Wartime Chinese Laborers Sue Japan For Compensation

Submitted By: Lindsay Yoshitomi

New York Times Article Summary: [Subscription to The New York Times required to read full article]

More than half a century later, Chinese men who were forced to work in Japan’s coal mines during World War II are pursuing lawsuits against the Japanese government. Many were tricked into working for the mines through false advertising, while others were abducted by Japanese soldiers. Last November, many of the laborers and their families went to Japan to recover unpaid wartime wages and compensation, neither of which has ever been offered by the Japanese government.

“The Japanese government bears responsibility for our suffering, and so do companies,” said Tang Kunyuan, a former enslaved laborer of Mitsubishi Mining which is today known as Mitsubishi Materials, a leader in metal and ceramic materials for the electronic industry. “First we want an apology, then compensation.”

Evidence of forced labor during the war has now prompted hundreds of Chinese to file lawsuits against the Japanese government and the successors of the mining companies. Japanese government data has revealed that because of labor shortages during the war, almost 40,000 Chinese men were forcibly brought to Japan to work for 35 companies, 22 which continue to do business. Three suits have successfully reached the Supreme Court, but the results have been more in favor of the defendants who received eight rulings, while the plaintiffs won four. The Japanese government and companies involved are standing behind the 20-year statute of limitations, claiming that the right to sue has expired, or that treaties between the two countries following the war has invalidated such claims. This attitude goes against international trends in recent years to ignore legalities and instead, compensate for wages involving forced labor. Mitsubishi Materials has even gone as far as to deny its involvement of forced labor.

In contrast to Japan, Germany and Austria have apologized and compensated its victims of slave labor by paying $5 billion and $350 million respectively to hundreds of thousands of individuals. Japan and Prime Minister Shinzo Abe, however, continue to promote the minimization of its military past in textbooks, thus strengthening the mood against offering reparations. Mitsubishi’s lawyers concur with Abe’s sentiments, stating that ruling in favor of the Chinese would “impose a wrong burden of the soul on future generations of our nation, possibly for the next hundred years.”

After the war, the majority of Chinese laborers were sent home without pay, while some received I.O.U.’s from defunct banks. Today, millions of dollars of unpaid wages continue to be held by the Bank of Japan and government agencies. Chinese business leaders have established a fund totaling $315,000 in contributions to help plaintiffs pursue lawsuits, an effort supported by the Chinese government. Chinese lawyers are beginning to pressure Chinese branches of Japanese businesses, many of which are reaping the benefits of China’s booming economy.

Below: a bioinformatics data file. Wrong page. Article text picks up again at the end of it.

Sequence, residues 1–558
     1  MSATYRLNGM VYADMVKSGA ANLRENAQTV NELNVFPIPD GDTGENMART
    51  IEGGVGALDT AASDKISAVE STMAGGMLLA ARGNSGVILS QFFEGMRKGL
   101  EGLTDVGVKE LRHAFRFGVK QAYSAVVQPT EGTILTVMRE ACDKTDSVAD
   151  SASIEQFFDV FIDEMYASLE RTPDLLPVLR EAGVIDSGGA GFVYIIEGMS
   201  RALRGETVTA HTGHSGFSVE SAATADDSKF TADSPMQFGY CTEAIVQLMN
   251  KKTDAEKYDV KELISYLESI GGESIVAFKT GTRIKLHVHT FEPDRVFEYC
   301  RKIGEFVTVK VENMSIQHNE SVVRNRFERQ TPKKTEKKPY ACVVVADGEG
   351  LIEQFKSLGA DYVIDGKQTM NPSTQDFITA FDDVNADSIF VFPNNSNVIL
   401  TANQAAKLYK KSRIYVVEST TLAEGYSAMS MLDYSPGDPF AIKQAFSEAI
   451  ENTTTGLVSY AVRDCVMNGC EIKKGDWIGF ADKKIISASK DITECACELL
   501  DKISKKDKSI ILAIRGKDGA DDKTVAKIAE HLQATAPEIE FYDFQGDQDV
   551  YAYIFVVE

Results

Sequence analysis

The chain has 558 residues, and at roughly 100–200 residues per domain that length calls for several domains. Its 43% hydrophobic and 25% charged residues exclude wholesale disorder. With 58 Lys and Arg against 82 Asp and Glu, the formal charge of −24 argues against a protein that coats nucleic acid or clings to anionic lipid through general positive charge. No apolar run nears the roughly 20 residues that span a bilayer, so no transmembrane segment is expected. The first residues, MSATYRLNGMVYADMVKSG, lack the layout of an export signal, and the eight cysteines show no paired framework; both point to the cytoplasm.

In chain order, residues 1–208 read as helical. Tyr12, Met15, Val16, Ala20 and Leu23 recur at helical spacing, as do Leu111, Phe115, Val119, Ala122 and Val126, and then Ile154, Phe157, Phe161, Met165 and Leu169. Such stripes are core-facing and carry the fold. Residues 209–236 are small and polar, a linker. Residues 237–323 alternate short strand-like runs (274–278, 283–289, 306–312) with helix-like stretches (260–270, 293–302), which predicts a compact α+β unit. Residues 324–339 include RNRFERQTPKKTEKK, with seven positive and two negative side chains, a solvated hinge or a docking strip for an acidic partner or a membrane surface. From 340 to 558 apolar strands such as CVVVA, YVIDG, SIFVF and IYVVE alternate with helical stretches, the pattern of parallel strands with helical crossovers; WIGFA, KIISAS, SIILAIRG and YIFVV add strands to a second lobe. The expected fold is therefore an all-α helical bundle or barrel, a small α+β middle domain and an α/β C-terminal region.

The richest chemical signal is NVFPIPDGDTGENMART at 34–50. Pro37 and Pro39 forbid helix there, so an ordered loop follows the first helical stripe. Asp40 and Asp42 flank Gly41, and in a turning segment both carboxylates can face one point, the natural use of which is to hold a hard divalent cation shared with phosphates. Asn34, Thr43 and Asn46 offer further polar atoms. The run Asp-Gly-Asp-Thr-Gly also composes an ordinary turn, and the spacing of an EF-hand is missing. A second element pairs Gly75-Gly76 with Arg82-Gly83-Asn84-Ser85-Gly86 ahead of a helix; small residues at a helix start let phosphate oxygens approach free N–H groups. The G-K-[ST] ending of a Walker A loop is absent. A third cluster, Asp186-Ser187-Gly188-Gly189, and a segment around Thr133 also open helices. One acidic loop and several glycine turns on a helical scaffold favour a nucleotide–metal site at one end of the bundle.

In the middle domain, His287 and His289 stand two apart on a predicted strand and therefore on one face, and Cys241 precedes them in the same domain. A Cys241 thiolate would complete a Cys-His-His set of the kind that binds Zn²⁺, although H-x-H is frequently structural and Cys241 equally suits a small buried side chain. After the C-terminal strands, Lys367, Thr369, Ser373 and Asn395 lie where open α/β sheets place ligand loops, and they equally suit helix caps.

Having great grandparents and grandparents of Japanese decent who were interned in American prison camps for 3 years during World War II, I can sympathize with the Chinese laborers who were ironically enslaved by Japan. My fraternal great grandparents and grandparents, after being given 10 days notice to relocate to the internment camps, lost their dry cleaning business, their home and belongings. When they were released, they were given $50 and their freedom, a right that was worth nothing to our government. A $20,000 reparation was awarded to living individuals almost a half century later along with an apology for the unjust treatment of American citizens. Unfortunately for some, it was too little, too late. For others, it was the beginning of a healing process, though late. Discussions regarding wartime reparations have always gone two ways. There are those who say, it was war; there are always victims and atrocities….we did what we thought was best for white America. Others say, for humanity sake, we must make amends for cruel injustices and our mistakes in judgment. Right now for the Chinese who have access to wartime evidence of enforced labor, I can understand their need to close that chapter of their past.


Recognizing that Germany, Austria and the U.S. have made compensations to victims of World War II:

1) What do you think about Japan’s hardened position against making reparations to former enslaved mine workers?
2) With China emerging as a powerhouse in the global economy, how do you think this will affect the Japanese companies that having growing operations there?
3) Do you think this issue will have any effect on the rivalry between China and Japan, and their quest for leadership in Asia?

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8 Responses to Wartime Chinese Laborers Sue Japan For Compensation

  1. Chris Carr says:

    Fascinating post.

    Difficult and potentially volatile issue for China and Japan to resolve.

    My own experience, admittedly anecdotal, is that a fair bit of anti-Japanese sentiment still exists in some northeastern parts of China, while in southern China (where we will visit for part of the trip), they have buried the hatchet and have turned their attention to making money and entrepreneurism.

    I really enjoyed learning more about you and your family’s history via this post. Those must have been devastating times for your grandparents. Internment of American Japanese during WW II is a very dark wart in America’s past that, in my view, our society has dismissed and forgotten about too easily over the years. I worry that many Americans feel along the lines of “Gosh, we won’t make that mistake again.” But I am not so sure ….

  2. LONNIE says:

    Great Post Lindsay!

    You will still find a lot of hostility here in the South. TV soaps still portray any Japanese as greasy and evil. My beloved, accepting and enlightened as she is, growls some Cantonese curse every time Japan is mentioned….

    About 1 1/2 years ago there was a series of demonstrations here and in HK against the Japanese.It was in response to the Japanese government allowing the Nanjing Massacre to be downgraded to an “incident” in some Japanese textbooks. Some shops were damaged and the Japanese consulate had to beef up security.